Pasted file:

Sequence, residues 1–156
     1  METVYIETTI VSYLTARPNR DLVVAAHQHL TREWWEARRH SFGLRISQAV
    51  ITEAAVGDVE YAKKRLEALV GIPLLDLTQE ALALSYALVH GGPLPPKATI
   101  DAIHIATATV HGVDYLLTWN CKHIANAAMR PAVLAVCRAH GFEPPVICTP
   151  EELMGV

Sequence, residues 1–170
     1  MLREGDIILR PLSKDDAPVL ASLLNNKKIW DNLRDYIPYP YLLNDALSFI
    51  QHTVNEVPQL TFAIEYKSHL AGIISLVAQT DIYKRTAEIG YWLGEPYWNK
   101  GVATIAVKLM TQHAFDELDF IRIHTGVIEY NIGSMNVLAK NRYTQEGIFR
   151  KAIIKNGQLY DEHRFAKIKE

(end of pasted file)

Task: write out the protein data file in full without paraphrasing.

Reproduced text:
Sequence, residues 1–156
     1  METVYIETTI VSYLTARPNR DLVVAAHQHL TREWWEARRH SFGLRISQAV
    51  ITEAAVGDVE YAKKRLEALV GIPLLDLTQE ALALSYALVH GGPLPPKATI
   101  DAIHIATATV HGVDYLLTWN CKHIANAAMR PAVLAVCRAH GFEPPVICTP
   151  EELMGV

Sequence, residues 1–170
     1  MLREGDIILR PLSKDDAPVL ASLLNNKKIW DNLRDYIPYP YLLNDALSFI
    51  QHTVNEVPQL TFAIEYKSHL AGIISLVAQT DIYKRTAEIG YWLGEPYWNK
   101  GVATIAVKLM TQHAFDELDF IRIHTGVIEY NIGSMNVLAK NRYTQEGIFR
   151  KAIIKNGQLY DEHRFAKIKE